Elderly Hoover man loses life savings in tech support scheme

Elderly Hoover man loses life savings in tech support scheme
84-year-old Newell Brand says he lost his life savings in a tech support scheme. (Source: Joshua Gauntt)

HOOVER, Ala. (WBRC) -An elderly Hoover man says he lost his life savings. He tells us he was tricked by someone he thought he could trust. Now he’s warning others.

Last month, 84-year-old Newell Brand was told his computer needed cleaning. Brand was connected with a guy named “Robert” from a company he’s worked with in the past. Robert took over Brand’s computer for a day. That’s when his troubles started.

"He preceded to say that I was due a refund of $1,500 because the company was closing and that he would send the money to me by wire,” Brand said.

“Robert” told Brand, who is also a Korean war veteran, that he would send $250 of that $1,500 to make sure it goes through into Brand’s bank account. A black screen popped up on his computer monitor. Brand was then given specific instructions on what to type in the black screen. A short time later, he says $25,000 somehow appeared in his checking account.

"And then he said oh my god, you made a mistake. You've got to rectify this man. The VP's will be after me,” Brand said.

Brand was told he had to refund over $24,000. He then tried wiring the money but "Robert" told him it was blocked and that he needed to go out and purchase gift cards to offset the loss.

"I go to Walgreens and purchased $950. I go to Home Depot and purchased $3,000 in gift cards,” Brand said.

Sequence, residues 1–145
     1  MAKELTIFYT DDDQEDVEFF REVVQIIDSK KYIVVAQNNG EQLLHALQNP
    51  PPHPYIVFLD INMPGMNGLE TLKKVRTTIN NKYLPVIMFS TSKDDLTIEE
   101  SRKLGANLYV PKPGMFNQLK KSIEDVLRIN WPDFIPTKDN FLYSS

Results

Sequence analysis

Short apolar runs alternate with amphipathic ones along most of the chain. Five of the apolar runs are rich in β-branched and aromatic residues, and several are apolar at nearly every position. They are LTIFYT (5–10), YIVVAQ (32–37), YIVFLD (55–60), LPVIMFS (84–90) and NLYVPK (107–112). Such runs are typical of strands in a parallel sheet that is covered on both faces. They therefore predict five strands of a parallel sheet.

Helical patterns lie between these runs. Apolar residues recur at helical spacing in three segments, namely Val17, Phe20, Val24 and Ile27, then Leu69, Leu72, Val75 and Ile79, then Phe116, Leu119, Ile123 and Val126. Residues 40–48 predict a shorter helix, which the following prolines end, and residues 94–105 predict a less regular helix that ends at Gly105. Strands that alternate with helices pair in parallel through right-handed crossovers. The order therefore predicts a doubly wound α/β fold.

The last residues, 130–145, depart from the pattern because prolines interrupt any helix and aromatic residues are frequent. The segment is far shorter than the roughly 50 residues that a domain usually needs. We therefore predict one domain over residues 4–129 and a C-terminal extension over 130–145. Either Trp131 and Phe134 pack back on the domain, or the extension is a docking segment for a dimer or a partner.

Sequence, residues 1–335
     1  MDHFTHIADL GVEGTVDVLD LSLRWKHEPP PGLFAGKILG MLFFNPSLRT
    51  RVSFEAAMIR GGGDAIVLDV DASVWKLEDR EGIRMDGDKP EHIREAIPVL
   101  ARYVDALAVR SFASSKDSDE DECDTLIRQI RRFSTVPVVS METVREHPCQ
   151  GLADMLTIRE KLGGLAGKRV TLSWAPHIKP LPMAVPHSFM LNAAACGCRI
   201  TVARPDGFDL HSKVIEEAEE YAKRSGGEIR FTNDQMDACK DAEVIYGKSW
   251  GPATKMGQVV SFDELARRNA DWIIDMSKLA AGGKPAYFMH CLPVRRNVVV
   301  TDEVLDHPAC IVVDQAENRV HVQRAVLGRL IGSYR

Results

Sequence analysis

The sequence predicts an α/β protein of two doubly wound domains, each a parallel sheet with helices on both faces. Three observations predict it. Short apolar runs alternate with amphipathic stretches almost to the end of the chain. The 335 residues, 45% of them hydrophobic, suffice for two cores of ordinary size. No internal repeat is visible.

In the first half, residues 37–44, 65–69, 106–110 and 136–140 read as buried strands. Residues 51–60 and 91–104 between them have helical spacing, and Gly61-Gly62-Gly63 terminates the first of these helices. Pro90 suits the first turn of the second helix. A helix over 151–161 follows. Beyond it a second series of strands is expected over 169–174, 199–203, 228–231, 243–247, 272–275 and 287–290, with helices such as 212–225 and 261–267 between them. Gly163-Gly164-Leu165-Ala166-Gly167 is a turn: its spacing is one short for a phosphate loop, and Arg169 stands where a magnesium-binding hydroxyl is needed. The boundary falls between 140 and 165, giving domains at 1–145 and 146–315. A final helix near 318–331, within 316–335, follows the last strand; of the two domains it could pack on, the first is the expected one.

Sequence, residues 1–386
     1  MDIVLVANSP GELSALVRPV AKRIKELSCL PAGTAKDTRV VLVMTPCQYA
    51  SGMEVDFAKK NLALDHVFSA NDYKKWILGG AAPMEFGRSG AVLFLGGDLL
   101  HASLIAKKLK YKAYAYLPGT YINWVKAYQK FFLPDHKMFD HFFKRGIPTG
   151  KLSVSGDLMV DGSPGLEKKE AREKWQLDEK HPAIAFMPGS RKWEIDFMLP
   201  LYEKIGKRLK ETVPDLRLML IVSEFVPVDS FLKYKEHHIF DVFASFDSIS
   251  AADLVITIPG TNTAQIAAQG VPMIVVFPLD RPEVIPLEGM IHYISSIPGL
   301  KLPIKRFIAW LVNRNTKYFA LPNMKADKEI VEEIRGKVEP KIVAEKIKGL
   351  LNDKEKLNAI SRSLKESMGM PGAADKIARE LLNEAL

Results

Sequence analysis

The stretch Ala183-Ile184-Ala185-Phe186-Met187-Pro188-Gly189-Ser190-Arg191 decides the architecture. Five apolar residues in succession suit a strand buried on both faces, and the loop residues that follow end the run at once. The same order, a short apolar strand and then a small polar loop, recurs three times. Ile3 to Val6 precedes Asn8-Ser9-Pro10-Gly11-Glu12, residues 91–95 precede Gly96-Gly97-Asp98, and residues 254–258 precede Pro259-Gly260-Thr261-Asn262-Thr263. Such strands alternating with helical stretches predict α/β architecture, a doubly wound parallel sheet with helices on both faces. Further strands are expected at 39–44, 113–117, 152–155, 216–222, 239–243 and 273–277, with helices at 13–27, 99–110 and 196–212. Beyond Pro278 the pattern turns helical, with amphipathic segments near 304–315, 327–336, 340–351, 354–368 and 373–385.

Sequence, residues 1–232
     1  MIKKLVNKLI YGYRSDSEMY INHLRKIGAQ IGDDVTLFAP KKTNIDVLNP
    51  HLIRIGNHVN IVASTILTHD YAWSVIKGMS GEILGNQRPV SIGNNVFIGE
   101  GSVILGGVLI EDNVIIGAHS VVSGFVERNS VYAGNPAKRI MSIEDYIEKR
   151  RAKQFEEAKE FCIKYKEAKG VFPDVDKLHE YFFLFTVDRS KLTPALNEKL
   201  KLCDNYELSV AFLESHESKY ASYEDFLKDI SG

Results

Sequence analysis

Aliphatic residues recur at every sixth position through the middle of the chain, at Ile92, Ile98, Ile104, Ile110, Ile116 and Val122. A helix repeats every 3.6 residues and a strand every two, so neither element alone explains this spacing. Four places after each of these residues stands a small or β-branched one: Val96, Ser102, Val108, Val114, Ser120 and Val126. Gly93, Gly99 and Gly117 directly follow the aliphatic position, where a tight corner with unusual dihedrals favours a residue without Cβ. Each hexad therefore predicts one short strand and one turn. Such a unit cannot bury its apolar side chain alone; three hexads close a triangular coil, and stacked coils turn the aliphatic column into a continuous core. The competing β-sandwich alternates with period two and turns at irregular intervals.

Brand then told his family about it and that's when it hit him. He immediately checked his bank account

"Sure enough the $20,000 I had in savings and the $9,000 I had in checking was down to $2,000 in each account,” Brand said.

The computer crooks cleaned out Brand’s savings account. Brand says he trusted “Robert”.

"I was in total shock really. I saw all this visually. I saw the computer being cleaned up. I saw the amount in my bank account but then it all vanished,” Brand said.

Sadly, Brand isn’t alone. In its 2018 internet crime report, the FBI says this type of tech support fraud is up over 160% from last year

“We see a tremendous amount of fraud happening to individuals who never think they are going to be a victim,” Robert Hill, a cyber security expert said. “It’s very common they got the information from his email and they actually scanned your system looking for a way in to gain your confidence.”

Hill says it may seem obvious, but always double check who you’re dealing with online. Hill says odds are Brand isn't going to get the bulk of his money back.

"Take time and think about it. Instead of in the heat of that emotional moment, take a few minutes and tell them that you will call them back. Get a phone number from them so that you can reach back out to them. Don’t make decisions immediately after they contacted you,” Hill said.

Brand says he's learned a big lesson.

"Be very cautious. Anything dealing with money or refund, don't do it. 800-numbers hang up. Don't proceed to answer those calls,” Brand said.

Brand has filed a police report and contacted the state in hopes of trying to get his money back.

Our cyber security expert says it’s also a good idea to get a secondary debit card with a different number with a very limited amount of money on it to use for online purchases to keep your money and information safe.

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